2. By Chris on Dec 13, 2012 | Reply

    One cop ignoring cars repeatedly breaking the law, yet harrassing cyclists, hurts all cops in the court of public opinion.

    One mayor blaming the victim in yet another tragic incident caused solely by a motorist violating the law, hurts the entire city in the court of public opinion.

  3. By Grim on Dec 13, 2012 | Reply

    Much like Chris and Rebecca, I’ve witnessed repeated daily instances of cars running red lights and cruisers observing violations and just letting them go.

    In addition, in the last two months I have called the police because of either being hit by a car or observing a car endangering cyclists. The police showed up only ONCE to assist me.

    Conversely, each time I’ve had a motorist call the police while I was observing, a cruiser showed up within five minutes.

    What does this say about the state of ‘Enforcement’? To me it says that the police do not take cyclist safety seriously, and are doing absolutely nothing to protect cyclists from angry, self-important and neglectful motorists.

    I see cars break the law more than ten times more often than cyclists. It’s time for the police to ‘step it up’ quite a bit more.

  4. By h4ckw0r7h on Dec 13, 2012 | Reply

    Is red light running even a main cause of cycling accidents? From what I understand, the main causes (in order) are right hooks, getting doored, motorist inattention, wrong-way cycling, THEN other illegal cycling like red light running, riding on sidewalks, no lights, etc.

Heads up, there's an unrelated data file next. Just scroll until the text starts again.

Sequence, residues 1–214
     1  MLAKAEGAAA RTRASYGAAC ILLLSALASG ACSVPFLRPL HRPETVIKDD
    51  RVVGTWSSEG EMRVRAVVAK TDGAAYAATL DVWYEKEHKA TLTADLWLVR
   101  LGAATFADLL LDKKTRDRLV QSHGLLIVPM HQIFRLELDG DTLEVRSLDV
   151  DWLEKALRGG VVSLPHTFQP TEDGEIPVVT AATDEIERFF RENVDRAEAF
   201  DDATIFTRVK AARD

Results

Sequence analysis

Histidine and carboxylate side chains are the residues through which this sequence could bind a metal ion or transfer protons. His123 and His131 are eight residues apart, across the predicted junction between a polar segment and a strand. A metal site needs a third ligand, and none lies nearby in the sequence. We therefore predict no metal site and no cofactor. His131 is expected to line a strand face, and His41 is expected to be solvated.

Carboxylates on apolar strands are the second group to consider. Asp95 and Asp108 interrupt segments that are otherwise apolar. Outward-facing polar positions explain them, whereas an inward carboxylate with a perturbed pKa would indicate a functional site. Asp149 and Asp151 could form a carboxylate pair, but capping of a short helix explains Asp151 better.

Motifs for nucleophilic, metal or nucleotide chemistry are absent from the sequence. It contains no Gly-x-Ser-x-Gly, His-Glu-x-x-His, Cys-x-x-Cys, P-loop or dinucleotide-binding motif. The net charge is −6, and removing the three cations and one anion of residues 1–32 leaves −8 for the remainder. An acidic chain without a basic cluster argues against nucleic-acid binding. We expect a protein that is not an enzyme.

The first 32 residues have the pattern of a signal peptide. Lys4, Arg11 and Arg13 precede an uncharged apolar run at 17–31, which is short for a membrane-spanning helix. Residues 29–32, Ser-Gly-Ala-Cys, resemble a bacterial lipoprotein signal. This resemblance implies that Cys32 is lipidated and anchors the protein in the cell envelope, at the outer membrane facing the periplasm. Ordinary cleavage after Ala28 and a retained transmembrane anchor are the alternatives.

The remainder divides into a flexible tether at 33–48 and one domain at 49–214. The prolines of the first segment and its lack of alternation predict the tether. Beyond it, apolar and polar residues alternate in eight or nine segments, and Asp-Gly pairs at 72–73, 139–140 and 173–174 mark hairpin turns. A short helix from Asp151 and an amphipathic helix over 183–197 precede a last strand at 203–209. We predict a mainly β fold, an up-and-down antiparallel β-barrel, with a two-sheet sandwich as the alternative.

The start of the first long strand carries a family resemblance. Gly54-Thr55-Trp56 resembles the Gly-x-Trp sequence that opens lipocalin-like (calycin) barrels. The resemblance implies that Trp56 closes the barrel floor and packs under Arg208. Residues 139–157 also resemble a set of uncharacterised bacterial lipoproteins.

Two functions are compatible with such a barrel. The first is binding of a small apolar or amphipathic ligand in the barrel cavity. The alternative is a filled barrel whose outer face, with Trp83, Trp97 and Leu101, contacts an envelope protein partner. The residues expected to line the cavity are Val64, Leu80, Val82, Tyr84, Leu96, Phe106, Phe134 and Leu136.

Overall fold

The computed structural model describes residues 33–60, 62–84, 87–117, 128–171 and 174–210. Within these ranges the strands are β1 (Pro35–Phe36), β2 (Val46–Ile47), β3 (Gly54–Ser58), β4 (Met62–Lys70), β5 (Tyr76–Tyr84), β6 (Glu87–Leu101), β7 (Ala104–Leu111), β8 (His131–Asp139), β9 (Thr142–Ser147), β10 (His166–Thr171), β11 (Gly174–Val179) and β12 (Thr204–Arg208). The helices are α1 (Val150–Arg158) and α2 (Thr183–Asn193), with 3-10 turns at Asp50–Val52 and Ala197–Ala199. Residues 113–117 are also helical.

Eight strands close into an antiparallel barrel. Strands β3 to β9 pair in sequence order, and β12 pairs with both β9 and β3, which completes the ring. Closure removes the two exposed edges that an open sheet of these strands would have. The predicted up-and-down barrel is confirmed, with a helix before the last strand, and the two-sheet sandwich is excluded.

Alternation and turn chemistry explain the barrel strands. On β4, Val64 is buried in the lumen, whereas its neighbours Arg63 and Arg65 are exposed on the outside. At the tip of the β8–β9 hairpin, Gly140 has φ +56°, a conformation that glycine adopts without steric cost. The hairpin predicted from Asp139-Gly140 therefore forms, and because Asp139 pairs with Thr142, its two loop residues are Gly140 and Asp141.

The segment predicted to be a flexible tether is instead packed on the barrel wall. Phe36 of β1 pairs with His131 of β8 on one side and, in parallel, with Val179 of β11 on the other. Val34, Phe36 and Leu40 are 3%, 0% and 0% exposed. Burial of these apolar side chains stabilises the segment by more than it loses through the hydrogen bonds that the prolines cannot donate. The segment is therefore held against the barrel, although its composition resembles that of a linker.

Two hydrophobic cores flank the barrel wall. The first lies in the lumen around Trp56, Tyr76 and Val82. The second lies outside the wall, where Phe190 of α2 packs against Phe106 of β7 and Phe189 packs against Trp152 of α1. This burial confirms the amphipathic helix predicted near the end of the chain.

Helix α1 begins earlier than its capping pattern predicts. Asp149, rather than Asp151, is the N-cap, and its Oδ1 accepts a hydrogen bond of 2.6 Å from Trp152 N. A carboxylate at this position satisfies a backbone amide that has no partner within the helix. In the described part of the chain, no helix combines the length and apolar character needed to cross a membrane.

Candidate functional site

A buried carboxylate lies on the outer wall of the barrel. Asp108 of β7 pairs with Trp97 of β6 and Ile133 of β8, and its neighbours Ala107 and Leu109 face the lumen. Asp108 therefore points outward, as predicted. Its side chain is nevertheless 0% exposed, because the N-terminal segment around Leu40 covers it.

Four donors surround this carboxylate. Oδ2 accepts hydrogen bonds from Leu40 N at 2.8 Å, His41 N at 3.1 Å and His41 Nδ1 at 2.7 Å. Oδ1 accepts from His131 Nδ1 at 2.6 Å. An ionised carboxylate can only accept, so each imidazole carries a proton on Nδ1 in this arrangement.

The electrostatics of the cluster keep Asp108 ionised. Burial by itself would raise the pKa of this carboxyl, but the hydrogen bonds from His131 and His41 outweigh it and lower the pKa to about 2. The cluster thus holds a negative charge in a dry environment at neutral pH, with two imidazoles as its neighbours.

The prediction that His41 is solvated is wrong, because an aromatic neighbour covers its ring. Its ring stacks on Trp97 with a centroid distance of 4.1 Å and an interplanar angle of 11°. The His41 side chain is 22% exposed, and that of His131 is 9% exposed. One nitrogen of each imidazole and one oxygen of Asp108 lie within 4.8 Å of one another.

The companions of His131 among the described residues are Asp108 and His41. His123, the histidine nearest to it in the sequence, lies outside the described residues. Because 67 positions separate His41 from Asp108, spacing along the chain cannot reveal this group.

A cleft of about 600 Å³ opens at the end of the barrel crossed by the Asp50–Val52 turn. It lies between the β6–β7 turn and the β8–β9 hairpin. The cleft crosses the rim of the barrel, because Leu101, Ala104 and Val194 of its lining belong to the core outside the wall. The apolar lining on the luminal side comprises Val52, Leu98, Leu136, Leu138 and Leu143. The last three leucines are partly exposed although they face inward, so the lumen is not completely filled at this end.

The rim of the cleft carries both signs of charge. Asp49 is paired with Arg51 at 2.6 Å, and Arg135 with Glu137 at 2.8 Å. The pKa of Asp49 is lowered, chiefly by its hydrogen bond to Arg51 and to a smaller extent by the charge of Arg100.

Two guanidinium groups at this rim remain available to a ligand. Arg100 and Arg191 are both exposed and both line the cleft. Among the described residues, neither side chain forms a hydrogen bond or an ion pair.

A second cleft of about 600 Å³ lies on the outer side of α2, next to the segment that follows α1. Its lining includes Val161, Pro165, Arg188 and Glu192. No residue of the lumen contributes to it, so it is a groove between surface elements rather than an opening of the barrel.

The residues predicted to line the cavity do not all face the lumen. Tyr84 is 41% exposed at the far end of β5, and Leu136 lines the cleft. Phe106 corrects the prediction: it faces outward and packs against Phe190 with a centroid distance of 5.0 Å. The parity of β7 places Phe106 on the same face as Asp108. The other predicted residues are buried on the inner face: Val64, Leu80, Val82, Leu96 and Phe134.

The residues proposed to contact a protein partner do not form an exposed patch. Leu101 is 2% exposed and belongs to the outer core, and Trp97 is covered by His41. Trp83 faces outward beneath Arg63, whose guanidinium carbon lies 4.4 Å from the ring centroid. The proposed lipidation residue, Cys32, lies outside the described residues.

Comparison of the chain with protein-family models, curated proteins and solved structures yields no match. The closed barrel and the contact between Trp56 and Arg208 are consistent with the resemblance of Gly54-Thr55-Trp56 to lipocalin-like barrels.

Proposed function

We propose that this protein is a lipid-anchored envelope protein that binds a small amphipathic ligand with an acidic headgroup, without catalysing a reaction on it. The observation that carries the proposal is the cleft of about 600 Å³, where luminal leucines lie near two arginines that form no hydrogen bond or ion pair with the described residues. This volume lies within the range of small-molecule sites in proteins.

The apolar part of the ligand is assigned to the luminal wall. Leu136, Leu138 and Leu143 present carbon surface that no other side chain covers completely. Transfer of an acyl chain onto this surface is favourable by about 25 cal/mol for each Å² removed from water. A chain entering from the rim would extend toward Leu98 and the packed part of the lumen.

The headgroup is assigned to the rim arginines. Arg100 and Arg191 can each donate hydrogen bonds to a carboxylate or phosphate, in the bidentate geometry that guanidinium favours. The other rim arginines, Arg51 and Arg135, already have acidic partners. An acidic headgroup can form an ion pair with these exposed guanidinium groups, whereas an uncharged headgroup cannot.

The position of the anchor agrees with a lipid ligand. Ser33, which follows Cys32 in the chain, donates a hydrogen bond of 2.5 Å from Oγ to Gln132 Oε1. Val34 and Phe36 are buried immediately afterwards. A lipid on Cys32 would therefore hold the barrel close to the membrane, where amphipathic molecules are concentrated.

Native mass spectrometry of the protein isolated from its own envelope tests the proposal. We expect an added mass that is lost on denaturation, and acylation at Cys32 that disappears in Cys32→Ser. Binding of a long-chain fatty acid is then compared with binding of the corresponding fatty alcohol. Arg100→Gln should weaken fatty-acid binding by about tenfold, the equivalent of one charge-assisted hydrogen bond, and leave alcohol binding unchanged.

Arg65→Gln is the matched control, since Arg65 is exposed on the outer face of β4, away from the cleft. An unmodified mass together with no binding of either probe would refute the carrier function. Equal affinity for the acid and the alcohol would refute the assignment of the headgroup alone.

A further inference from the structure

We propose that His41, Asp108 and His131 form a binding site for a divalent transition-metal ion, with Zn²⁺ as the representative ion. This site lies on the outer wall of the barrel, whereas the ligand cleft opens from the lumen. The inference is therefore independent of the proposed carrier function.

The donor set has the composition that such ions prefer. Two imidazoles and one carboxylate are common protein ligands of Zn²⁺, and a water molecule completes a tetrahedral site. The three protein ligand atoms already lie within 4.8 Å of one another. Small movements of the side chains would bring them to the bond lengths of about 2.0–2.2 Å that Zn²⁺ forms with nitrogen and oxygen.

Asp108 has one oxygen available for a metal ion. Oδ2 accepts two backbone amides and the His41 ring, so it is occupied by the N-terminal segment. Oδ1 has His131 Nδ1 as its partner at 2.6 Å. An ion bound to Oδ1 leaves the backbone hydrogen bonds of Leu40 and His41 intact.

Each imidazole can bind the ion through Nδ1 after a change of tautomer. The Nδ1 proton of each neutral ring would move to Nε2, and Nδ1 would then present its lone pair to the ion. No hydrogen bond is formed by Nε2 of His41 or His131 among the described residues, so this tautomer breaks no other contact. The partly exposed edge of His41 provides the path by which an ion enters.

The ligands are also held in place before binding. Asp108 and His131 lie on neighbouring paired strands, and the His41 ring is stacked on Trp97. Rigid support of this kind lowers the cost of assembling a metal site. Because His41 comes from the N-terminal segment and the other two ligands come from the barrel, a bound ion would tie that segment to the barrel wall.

The risk/reward profile for red light running by a cyclist just isn’t the same as it is for an automobile — cyclists who run reds treat them like yields and don’t ride into automobile traffic, from what I’ve seen. I think there is a tendency to confuse what’s high risk behavior for a MOTORIST with what’s high risk behavior for a CYCLIST.

    I don’t expect the police to do anything, they’re either powerless or apathetic. I’ve approached them with video evidence of dangerous driving along with plate numbers and the responses were basically “I’m on detail and I can’t leave, we can’t stop people for every little infraction, we can’t do anything unless we see it, video evidence doesn’t count in court”, and “cyclists break lots of rules”. Once a hackney officer called me back but she basically said there would be a note made in case other people complained about that particular cabbie, but no action would be taken on this incident.

  5. By Hugh Kelley on Dec 14, 2012 | Reply

    Has anybody seen/participated in this?

    http://www.cityofboston.gov/Images_Documents/Updated%20directions%20for%20using%20google%20map_tcm3-27140.pdf

    The execution is rather primitive but I like the intent. If we really want “More and Better”, tools like this ought to help ensure it is created in the right areas.

  6. By sunfighter17 on Dec 17, 2012 | Reply

    When I moved to this area from DC about 40 years ago, one thing I noticed right away is that the cops don’t enforce traffic laws. It was a striking difference from DC. During the last 40 years, very little has changed. We still have police resources being wasted in details, when we don’t have enough officers to do important things, like direct traffic when the signals go out.